Wine and Food February 2020 ReportFunction No 348 – Wednesday February 26, 2020
The Percy Beames Bar welcomed members and guests for Function 348. Following the canapes and a sampling of the Bannockburn Riesling 2018, 164 members and their guests headed into the Long Room.
The Bannockburn Riesling 2018 was described by Tyson Stelzer as "at once generous, spicy and complex, layered with notes of ginger, honey and the creaminess of lees age and a well-gauged drop of sweetness. A main course Riesling of texture, richness and tremendous dexterity on the table”. The wine complemented the three canapés – a natural and beetroot kvass oyster duo, potato Chicken 65 with yoghurt dressing, and chickpea and black pudding crostini. Chicken 65 is a spicy, deep-fried chicken dish originating from Hotel Buhari, Chennai, India, served as an entrée, or a quick snack. The flavour of the dish can be attributed to red chillies. Very well received.
Chair Beth Benson opened the lunch by providing brief backgrounds to our guest chef Praveen Rachakonda and winemaker Matt Holmes. Praveen completed his culinary training in India before travelling to London where he gained experience at Wembley and Arsenal stadiums under the direction of master chef Raymond Blanc. He later settled in Melbourne and joined Epicure in 2012. He quickly became an integral member of the MCG Culinary Centre brigade and currently holds the position of sous chef.
Matt Holmes’ foray into wine was inadvertent. Wine retail was his mechanism for supporting himself while studying engineering in Sydney, and it was there that he caught the wine bug. What followed was a diverse range of experience working in the likes of Italy, California and Canada with a final pull back home to take on the role of head winemaker at Bannockburn Vineyards. Matt recalls selling Bannockburn off the shelves in those early days, so it’s fitting that he’s now at the helm.
Praveen’s entrée was saffron sea bass with green gazpacho, fennel, and crustacean essence. Elegantly presented, lovely combination of flavours, and very well received. The entrée was accompanied by Bannockburn Chardonnay 2018 and the Bannockburn SRH 2016 – the first came from a moderately warm season. “A core of fresh citrus acids, stone fruits and subtle winemaking inputs make for a wine well suited to a range of food matches”. The SRH was also from a warm and dry growing season. “Fresh, ripe stone fruits are complemented by citrus acids; texture and drive are derived from the extended lees contact. Wine to enjoy with fine cuisine, or to cellar” (website). Probably the wine of the day.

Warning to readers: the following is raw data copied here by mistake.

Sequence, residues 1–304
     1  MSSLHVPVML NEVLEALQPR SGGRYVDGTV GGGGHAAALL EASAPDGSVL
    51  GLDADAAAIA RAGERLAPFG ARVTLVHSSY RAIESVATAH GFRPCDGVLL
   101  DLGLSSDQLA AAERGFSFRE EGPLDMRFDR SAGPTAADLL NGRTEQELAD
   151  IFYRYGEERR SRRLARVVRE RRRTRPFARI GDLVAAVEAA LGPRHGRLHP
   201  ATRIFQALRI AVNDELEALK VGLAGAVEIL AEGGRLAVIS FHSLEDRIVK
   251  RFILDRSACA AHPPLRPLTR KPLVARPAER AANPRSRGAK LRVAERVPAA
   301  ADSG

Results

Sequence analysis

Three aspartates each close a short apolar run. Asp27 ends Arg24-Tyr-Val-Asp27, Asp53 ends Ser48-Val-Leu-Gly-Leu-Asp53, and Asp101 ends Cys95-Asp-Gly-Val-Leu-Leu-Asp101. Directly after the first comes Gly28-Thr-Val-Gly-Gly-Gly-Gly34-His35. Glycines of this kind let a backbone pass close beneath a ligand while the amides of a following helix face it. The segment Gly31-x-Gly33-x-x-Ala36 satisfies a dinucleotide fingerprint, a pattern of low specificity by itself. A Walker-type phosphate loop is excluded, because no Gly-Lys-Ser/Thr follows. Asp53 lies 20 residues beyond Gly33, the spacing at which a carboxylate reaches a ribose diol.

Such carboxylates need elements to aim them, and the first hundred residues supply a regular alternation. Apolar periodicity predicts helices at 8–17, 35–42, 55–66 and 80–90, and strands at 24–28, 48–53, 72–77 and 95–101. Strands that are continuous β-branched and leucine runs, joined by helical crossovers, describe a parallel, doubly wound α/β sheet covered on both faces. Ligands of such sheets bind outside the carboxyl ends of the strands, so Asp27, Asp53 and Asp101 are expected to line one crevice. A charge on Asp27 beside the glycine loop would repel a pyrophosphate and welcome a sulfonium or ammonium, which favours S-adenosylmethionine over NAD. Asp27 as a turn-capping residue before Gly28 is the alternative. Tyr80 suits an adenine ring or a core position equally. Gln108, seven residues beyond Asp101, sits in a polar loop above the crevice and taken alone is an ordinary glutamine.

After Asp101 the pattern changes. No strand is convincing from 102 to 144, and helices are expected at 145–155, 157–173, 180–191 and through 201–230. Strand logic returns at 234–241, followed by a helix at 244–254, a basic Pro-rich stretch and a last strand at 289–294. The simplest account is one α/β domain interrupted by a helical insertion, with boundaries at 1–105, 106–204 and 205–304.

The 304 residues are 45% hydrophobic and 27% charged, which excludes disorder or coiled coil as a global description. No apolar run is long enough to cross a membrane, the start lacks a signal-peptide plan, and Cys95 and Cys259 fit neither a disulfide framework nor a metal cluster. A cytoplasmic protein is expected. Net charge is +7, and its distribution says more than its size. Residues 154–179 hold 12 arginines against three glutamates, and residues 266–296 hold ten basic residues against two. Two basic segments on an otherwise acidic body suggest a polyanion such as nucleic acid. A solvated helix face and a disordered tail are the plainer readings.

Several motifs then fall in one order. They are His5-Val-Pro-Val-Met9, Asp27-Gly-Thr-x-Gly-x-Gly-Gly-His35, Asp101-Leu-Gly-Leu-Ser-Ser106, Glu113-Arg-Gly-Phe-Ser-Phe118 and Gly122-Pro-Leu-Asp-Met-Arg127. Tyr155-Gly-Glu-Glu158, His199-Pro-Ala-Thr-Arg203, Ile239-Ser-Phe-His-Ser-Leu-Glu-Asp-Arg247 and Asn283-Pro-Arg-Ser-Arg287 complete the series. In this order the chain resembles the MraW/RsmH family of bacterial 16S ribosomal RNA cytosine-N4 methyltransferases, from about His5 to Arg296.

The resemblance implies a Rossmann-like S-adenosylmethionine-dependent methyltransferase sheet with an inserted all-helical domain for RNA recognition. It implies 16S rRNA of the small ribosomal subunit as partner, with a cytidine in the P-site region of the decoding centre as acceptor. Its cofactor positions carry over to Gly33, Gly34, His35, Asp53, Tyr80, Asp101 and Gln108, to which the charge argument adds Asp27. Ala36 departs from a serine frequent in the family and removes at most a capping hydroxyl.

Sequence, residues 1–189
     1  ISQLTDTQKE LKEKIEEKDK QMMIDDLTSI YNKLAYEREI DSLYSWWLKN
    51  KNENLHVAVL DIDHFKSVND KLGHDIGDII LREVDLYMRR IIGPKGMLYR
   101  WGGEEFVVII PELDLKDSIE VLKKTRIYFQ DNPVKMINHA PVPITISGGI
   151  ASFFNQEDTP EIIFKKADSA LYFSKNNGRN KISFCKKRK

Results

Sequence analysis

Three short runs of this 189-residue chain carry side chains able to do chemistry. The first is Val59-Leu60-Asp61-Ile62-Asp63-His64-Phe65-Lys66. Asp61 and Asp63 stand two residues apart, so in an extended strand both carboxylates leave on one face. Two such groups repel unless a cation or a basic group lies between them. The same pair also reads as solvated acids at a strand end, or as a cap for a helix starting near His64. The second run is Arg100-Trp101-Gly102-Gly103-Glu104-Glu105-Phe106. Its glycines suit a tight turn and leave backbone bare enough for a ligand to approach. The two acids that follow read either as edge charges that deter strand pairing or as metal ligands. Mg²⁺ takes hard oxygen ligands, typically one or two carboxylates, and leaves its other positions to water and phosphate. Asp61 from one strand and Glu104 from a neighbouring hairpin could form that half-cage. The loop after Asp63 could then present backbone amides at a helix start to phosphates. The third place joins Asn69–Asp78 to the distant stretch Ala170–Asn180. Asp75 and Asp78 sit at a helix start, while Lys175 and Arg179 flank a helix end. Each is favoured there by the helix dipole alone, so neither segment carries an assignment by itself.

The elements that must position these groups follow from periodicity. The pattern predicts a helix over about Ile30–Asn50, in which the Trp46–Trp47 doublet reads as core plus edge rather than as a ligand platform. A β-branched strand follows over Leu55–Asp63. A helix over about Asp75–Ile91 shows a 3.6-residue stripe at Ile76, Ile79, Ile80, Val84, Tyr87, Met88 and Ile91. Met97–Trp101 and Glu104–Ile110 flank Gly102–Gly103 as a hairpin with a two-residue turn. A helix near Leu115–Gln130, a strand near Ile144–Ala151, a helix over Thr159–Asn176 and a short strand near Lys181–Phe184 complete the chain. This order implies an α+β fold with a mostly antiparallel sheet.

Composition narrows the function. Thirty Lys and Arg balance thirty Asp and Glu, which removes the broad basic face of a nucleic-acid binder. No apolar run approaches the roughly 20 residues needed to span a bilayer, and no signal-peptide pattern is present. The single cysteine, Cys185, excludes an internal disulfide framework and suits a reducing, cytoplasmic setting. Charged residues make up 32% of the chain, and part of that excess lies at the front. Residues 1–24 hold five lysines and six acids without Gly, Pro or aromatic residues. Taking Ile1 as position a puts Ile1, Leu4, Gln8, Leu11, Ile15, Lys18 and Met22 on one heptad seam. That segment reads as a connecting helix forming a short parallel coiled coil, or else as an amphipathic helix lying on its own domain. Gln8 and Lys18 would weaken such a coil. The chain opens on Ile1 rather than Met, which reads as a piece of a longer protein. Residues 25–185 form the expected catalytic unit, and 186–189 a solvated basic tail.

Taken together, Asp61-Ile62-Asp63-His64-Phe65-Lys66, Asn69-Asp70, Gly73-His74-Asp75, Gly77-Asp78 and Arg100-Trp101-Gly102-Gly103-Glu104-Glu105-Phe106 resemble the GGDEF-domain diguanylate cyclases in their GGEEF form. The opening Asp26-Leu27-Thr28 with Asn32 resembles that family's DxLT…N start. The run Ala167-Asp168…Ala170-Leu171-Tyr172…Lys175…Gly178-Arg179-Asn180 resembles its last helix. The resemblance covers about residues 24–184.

The main course was a duo Wimmera duck with Amaranth popcorn, kohlrabi, and apple mustard. Amaranth is not only an ancient grain having been cultivated for over 8,000 years, but a ‘superfood’. The main was a restrained serve, and, unfortunately in many opinions, did not provide a good balance of protein and vegetable – a common issue. The presentation of the dish was most attractive.
The accompanying wines chosen by Matt were the Bannockburn Pinot Noir 2017 and the Serré 2016. The 2017 has lifted red fruits and savoury forest floor on the nose, bright acid and fine tannin on the palate. Immediately enjoyable and versatile with regard to food pairings, this wine will reward medium term ageing. The Serre features Pinot Noir grown at Serré Vineyard using close-planting, low trellising and narrow rows to replicate the tough vineyard conditions of Grand Cru Burgundy. This block may be the oldest close-planted vineyard outside Europe. It certainly is the best of Bannockburn’s pinot noir sites: uniform, focused, powerful and fragrant, every year. It will continue to develop and drink well for another ten to 15 years or more. This lovely wine promises enjoyment in both the short and medium term (website).
The cheese course was a limited Ploughman’s Board with Quicke’s English aged cheddar, radish, celery, and piccalilli (a vegetable pickle). This farmhouse cheddar is hand-made with milk from the farm that has been in the Quickes family for over 450 years! The cloth covering allows the cheese to breath during maturation, leading to a small moisture loss that creates the distinctive open, crumbly texture. The wine served with the cheese was the Bannockburn Shiraz 2015 – ‘With elegant dark red fruits, olives and spice flavours, the mid-weight palate reflects the excellent growing season” awarded 95 pts by Cam Mattinson in 2018.
The dessert was peach mimosa trifle with almond crumble, kombucha ginger sorbet, accompanied by Bannockburn’s ‘1314 AD Blanc’ 2019. The dessert was a well-presented, interesting modern dish. 1314 was the year of the Battle of Bannockburn. The wine is a blend of Chardonnay, Sauvignon Blanc, and Riesling where the best attributes of each variety complement those of the other two. 93 pts Cam Mattinson.
Another fine lunch, and unfortunately, the last for a while!